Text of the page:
Much had been written since late 2018 about a possible rating action by Moody’s Rating Agency (Moody’s).
In this article, we hope to give the reader better insights into Moody’s, and rating agencies as a whole, and the potential impact of credit rating changes.
What exactly is the hype about Moody’s?
This is nothing new, really. Moody’s is one of the three major international rating agencies (the other two are Standard & Poor’s and Fitch). These rating agencies issue a credit rating to bond issuers (at a fee). Their client base ranges from private sector firms to countries, like the Republic of South Africa. The credit rating is basically a reflection of the rating agency’s estimate of the default probability of the borrower. The higher the rating (AAA) the lower the default risk and vice versa. In determining the rating, the agency takes into account a myriad of factors, including mostly macroeconomic and financial variables, as well political risk. Most investors tend to at least partially base their investment decision (which would include the pricing of these bonds) on these “independent” ratings.
In some cases, mandates require investors to invest in bonds with a so-called investment grade rating only, where the lowest investment grade rating is BBB- (or Baa3 in the case of Moody’s). In the case of the Republic of South Africa, Moody’s is the only rating agency that is still rating the country as such. The other two agencies have downgraded South Africa to a sub-investment rating of BB+ for local currency denominated debt. Moreover, for inclusion in certain global bond indices, a minimum investment rating of BBB- is required.
Graph 1: Sovereign credit rating scale
Why is this so “newsworthy”?
The widespread and lingering concern is that Moody’s will finally “see the light” and follow the other two rating agencies, which will cause the country to lose its last investment grade rating. This, in turn, will force passive or benchmark driven global investors to sell rand denominated South African government bonds that they currently hold in their portfolios. At the time of writing, foreign investors owned about 37% of South African government bonds. This equates to roughly R800 billion. That said, it is important to note that not all of it is actually owned by passive or index tracking investors. A significant portion of emerging market bonds, including those issued by South Africa, is owned by the so-called “unconstrained” foreign investors. These investors are not constrained by credit ratings, indices and other limitations, but would base their investment decisions on their internal fundamental analysis and relative valuation. Even so, it is reasonable to assume that some selling may either pre-empt (the active investors) or follow (the passive managers) the rating change.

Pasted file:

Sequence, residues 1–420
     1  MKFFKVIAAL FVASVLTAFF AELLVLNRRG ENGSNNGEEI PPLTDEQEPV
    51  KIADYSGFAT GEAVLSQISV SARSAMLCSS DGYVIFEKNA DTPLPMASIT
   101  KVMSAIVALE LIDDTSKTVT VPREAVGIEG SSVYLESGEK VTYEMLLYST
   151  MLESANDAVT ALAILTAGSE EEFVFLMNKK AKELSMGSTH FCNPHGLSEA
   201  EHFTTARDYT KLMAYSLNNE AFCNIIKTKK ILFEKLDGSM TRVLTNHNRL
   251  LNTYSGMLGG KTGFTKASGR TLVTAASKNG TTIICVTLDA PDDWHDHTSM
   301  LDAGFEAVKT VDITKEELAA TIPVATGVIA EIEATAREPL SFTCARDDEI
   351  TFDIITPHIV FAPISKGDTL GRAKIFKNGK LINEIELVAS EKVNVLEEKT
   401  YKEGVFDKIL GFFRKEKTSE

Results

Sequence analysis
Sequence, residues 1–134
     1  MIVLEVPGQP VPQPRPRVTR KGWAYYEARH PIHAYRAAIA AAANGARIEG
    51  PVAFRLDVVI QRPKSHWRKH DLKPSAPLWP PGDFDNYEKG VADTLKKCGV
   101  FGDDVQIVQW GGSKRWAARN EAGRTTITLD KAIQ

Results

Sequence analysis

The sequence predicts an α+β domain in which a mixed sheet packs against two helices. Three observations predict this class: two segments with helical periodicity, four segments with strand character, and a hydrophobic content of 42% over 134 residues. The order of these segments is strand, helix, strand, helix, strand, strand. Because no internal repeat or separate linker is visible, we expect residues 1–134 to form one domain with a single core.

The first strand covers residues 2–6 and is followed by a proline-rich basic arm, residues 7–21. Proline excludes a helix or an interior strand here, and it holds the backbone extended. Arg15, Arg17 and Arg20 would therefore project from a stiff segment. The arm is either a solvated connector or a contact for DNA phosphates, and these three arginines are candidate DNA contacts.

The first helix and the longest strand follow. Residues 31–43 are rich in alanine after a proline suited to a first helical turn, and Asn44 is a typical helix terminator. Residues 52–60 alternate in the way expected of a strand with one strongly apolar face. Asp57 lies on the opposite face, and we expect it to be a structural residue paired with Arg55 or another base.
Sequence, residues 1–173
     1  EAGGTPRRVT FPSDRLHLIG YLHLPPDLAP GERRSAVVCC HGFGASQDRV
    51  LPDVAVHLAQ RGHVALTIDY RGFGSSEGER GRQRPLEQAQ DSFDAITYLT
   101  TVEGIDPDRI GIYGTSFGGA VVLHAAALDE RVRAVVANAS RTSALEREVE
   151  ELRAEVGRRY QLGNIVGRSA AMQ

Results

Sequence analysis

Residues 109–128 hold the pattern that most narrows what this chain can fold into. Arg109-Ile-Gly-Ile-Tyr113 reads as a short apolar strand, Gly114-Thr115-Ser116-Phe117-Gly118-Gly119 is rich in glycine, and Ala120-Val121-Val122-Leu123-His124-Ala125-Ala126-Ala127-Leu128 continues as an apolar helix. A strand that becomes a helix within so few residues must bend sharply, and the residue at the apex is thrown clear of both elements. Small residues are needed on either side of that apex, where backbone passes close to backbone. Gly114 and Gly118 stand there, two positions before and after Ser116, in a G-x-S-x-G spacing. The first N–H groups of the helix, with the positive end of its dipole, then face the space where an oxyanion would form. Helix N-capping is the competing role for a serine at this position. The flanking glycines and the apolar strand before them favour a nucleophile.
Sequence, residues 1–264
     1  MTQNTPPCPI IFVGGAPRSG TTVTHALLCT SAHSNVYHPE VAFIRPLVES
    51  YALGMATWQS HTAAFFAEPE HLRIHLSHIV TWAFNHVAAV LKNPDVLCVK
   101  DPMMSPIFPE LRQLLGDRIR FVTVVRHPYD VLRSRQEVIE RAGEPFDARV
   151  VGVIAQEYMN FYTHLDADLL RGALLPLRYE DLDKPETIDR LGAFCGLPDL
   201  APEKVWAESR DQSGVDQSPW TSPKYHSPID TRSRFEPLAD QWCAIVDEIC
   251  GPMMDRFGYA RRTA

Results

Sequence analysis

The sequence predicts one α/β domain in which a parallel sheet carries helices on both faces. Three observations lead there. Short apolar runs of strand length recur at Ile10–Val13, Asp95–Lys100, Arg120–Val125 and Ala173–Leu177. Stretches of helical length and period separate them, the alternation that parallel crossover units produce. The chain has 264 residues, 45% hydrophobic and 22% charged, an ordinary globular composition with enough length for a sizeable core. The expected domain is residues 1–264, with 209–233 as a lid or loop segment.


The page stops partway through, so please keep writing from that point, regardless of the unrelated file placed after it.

Graph 2: Foreign ownership of rand denominated bonds issued by the RSA government (nominal and inflation-linked)
Source: SA National Treasury, Futuregrowth
More interesting is the way markets are currently priced. It comes as little surprise that both US dollar- and South African rand-denominated government bonds have been trading as sub-investment graded debt for a while (see Graph 3 below). It follows that markets should not be surprised by a downgrade, as a fair amount of the “bad’ news has been discounted and may at least in terms of this be trading close to fair value.
That said, most of the time markets tend to overreact and thus trade around fair value estimates. So, with this in mind, we cannot overlook the probability that bond yields may still spike in response to an actual downgrade and thus cheapen more.
Graph 3: Local currency denominated 10-year treasury yields and S&P credit ratings
Source: Bloomberg, Futuregrowth
Is this incorporated into our investment view and strategy?
Indeed it is. Our investment philosophy at Futuregrowth is never to rely on the input from official rating agencies but to allow our fundamental analysis to lead us to our own conclusions and, in this case, our ratings. In this sense, our investment theme and strategy have incorporated concerns about sustained fiscal slippage and its impact on the country’s sovereign credit worthiness for more than two years. From a valuation perspective, various indicators point to the probability that a fair amount of this fear is already in the price. We also have to consider other drivers, such as very depressed global bond yields, strong disinflationary forces and a repo rate that is unlikely to increase any time soon. The steep slope of the nominal bond yield curve is another indicator of how much bad news had been discounted for. Sitting on the fence (on cash) thus implies an opportunity cost the investor can ill afford.
Graph 4: Foreign ownership of emerging market local currency bonds
Source: IMF, Futuregrowth
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